Re: [PATCH v6] numa: make node_to_cpumask_map() NUMA_NO_NODE aware

From: Peter Zijlstra
Date: Thu Oct 10 2019 - 04:57:49 EST

On Wed, Oct 09, 2019 at 01:25:14PM +0100, Robin Murphy wrote:
> On 2019-10-08 9:38 am, Yunsheng Lin wrote:
> > On 2019/9/25 18:41, Peter Zijlstra wrote:
> > > On Wed, Sep 25, 2019 at 05:14:20PM +0800, Yunsheng Lin wrote:
> > > > From the discussion above, It seems making the node_to_cpumask_map()
> > > > NUMA_NO_NODE aware is the most feasible way to move forwad.
> > >
> > > That's still wrong.
> >
> > Hi, Peter
> >
> > It seems this has trapped in the dead circle.
> >
> > From my understanding, NUMA_NO_NODE which means not node numa preference
> > is the state to describe the node of virtual device or the physical device
> > that has equal distance to all cpu.

So I _really_ don't believe in the equidistant physical device. Physics
just doesn't allow that. Or rather, you can, but then it'll be so slow
it doesn't matter.

The only possible option is equidistant to a _small_ number of nodes,
and if that is a reality, then we should look at that. So far however
it's purely been a hypothetical device.

> > We can be stricter if the device does have a nearer node, but we can not
> > deny that a device does not have a node numa preference or node affinity,
> > which also means the control or data buffer can be allocated at the node where
> > the process is running.
> >
> > As you has proposed, making it -2 and have dev_to_node() warn if the device does
> > have a nearer node and not set by the fw is a way to be stricter.

Because it is 100% guaranteed (we have proof) that BIOS is shit and
doesn't set node affinity for devices that really should have it.

So we're trading a hypothetical shared device vs not reporting actual
BIOS bugs. That's no contest.

Worse, we have virtual devices that have clear node affinity without it

So we're growing shit, allowing bugs, and what do we get in return? Warm
fuzzies is not it.

> > Any better suggestion to move this forward?
> FWIW (since this is in my inbox), it sounds like the fundamental issue is
> that NUMA_NO_NODE is conflated for at least two different purposes, so
> trying to sort that out would be a good first step. AFAICS we have genuine
> "don't care" cases like alloc_pages_node(), where if the producer says it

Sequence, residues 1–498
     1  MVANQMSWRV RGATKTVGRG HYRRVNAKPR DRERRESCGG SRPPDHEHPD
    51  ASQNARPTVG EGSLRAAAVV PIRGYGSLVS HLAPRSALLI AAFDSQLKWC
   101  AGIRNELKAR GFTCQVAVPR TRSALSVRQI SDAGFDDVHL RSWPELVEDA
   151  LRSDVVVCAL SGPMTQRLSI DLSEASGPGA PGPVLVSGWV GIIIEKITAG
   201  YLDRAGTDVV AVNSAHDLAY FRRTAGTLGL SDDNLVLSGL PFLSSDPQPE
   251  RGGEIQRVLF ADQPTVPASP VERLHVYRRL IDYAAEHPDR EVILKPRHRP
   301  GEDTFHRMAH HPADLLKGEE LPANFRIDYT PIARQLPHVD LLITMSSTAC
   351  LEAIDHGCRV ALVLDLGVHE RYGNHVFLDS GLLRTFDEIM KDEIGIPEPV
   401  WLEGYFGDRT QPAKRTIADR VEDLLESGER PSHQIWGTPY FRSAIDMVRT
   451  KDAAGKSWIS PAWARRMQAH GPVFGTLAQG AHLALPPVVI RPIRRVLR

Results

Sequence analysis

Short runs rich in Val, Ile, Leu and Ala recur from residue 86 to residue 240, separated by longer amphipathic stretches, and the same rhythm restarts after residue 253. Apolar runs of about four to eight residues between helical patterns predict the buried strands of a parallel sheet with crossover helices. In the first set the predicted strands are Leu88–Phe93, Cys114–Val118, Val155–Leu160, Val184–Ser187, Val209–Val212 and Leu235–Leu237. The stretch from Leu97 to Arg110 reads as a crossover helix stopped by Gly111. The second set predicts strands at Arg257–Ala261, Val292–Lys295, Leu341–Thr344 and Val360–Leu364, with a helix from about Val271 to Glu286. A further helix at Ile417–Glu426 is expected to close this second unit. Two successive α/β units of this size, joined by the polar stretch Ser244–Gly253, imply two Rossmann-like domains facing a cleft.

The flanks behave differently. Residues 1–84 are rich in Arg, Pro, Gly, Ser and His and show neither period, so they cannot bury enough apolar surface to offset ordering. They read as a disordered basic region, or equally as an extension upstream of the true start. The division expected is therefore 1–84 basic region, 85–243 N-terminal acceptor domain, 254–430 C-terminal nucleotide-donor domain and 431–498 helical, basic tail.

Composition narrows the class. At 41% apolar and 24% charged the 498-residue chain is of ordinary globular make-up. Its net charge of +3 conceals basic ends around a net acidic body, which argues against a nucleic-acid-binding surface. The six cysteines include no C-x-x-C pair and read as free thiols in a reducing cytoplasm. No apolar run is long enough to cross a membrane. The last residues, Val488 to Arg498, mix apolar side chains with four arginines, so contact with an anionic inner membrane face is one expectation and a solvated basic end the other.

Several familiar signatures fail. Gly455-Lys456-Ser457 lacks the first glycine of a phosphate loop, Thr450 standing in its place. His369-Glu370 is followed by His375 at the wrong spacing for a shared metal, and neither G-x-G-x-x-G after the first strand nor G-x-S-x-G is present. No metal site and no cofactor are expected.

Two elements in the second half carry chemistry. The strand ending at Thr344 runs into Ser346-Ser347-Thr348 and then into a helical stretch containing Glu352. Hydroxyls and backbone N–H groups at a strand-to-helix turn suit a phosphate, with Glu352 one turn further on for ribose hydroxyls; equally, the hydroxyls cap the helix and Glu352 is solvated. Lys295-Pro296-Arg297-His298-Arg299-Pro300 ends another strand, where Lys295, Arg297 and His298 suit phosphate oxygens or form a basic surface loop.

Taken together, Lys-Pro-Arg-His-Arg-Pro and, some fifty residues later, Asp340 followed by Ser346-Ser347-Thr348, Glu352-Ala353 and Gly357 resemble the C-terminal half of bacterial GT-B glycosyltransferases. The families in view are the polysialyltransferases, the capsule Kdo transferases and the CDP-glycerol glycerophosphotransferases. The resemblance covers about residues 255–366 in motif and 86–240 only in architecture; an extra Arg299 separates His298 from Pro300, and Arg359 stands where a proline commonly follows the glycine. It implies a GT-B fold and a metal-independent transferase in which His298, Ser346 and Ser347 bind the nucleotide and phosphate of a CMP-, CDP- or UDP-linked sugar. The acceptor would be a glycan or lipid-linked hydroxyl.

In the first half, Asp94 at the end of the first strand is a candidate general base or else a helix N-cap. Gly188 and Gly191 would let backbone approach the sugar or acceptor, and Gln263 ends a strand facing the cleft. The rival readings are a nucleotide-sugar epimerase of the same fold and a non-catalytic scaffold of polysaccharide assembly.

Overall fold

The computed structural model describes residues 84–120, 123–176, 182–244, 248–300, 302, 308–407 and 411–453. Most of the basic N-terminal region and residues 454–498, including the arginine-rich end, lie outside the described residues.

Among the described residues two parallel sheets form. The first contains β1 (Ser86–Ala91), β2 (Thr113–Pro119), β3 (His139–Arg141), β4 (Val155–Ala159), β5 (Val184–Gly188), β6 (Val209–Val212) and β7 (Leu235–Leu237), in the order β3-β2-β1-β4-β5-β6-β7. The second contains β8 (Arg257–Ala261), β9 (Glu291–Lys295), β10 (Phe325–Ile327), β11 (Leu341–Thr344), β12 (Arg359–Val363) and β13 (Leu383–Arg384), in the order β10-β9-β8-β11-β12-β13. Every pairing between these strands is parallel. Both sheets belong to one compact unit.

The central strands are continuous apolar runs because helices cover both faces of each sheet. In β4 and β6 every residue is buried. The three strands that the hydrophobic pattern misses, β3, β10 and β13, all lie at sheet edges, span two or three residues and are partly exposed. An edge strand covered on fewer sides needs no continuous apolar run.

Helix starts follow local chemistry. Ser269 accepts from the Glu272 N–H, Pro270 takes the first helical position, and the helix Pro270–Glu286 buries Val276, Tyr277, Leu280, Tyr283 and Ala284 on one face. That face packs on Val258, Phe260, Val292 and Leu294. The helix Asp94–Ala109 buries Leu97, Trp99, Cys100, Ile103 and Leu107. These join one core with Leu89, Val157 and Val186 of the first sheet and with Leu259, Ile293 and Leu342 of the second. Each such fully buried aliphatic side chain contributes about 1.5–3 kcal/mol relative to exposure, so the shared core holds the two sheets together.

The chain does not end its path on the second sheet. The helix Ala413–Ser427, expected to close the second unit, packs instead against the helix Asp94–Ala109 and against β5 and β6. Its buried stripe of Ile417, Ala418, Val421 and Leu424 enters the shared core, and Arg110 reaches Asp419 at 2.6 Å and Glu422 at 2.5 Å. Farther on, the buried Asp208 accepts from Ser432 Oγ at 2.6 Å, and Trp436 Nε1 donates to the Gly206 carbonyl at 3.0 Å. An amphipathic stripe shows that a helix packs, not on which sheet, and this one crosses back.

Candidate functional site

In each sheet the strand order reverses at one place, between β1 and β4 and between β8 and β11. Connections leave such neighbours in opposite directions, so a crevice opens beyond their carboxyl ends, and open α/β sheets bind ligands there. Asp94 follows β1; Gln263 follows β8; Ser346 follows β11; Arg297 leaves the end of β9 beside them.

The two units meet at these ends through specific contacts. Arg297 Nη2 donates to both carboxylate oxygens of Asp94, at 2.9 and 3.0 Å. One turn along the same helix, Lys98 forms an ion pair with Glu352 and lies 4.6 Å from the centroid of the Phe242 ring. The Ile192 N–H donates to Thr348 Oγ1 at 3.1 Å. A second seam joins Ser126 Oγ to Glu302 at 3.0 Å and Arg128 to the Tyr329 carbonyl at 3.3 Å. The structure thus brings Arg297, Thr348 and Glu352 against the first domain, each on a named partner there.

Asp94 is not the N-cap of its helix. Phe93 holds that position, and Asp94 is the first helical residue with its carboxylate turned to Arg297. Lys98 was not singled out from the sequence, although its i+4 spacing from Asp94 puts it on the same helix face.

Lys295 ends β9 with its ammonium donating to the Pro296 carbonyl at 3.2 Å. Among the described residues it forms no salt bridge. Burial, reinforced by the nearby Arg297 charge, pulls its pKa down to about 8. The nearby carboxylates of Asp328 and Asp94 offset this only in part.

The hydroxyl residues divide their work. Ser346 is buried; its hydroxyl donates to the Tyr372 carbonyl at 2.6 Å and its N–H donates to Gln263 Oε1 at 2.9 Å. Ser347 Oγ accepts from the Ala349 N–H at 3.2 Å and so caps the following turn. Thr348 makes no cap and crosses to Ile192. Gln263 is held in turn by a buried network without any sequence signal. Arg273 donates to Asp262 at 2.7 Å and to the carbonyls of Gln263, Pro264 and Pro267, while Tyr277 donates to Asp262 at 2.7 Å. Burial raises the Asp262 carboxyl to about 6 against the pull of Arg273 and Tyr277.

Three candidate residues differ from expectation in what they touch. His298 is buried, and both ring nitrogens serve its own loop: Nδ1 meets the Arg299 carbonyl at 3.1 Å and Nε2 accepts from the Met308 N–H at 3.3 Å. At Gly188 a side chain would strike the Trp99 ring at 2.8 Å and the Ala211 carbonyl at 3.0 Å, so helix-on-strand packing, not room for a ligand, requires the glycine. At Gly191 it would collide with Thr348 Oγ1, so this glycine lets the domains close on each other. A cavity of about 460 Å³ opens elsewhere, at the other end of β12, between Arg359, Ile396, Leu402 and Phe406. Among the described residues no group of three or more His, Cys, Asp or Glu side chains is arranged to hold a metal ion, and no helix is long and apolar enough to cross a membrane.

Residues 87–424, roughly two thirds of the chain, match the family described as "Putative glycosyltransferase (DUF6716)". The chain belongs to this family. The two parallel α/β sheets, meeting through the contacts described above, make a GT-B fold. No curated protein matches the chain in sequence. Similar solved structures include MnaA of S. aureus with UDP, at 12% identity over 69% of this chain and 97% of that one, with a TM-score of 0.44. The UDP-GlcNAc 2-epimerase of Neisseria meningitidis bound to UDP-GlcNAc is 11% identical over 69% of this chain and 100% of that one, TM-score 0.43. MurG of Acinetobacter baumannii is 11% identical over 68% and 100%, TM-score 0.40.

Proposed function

> doesn't matter then the consumer is free to make its own judgement on what
> to do, and fundamentally different "we expect this thing to have an affinity
> but it doesn't, so we can't say what's appropriate" cases which could really
> do with some separate indicator like "NUMA_INVALID_NODE".

It can possible be a 3 state:

- UNKNON; overridden by parent/bus/etc..
ERROR when still UNKNOWN on register.

- INVALID; ERROR on devm usage.
for virtual devices / pure sysfs nodes

- NO_NODE; may only be set on virtual devices (we can check against PCI
bus etc..) when there really is no better option.

But I only want to see the NO_NODE crap at the end, after all other
possible avenues have been done.

> The tricky part is then bestowed on the producers to decide whether they can
> downgrade "invalid" to "don't care". You can technically build 'a device'
> whose internal logic is distributed between nodes and thus appears to have
> equal affinity - interrupt controllers, for example, may have per-CPU or
> per-node interfaces that end up looking like that - so although it's
> unlikely it's not outright nonsensical.

I'm thinking we should/do create per cpu/node devices for such
distributed stuff. For instance, we create per-cpu clockevent devices
(where appropriate).

> Similarly a 'device' that's actually emulated behind a firmware call
> interface may well effectively have no real affinity.

Emulated devices are typically slow as heck and should be avoided if at
all possible. I don't see NUMA affinity being important for them.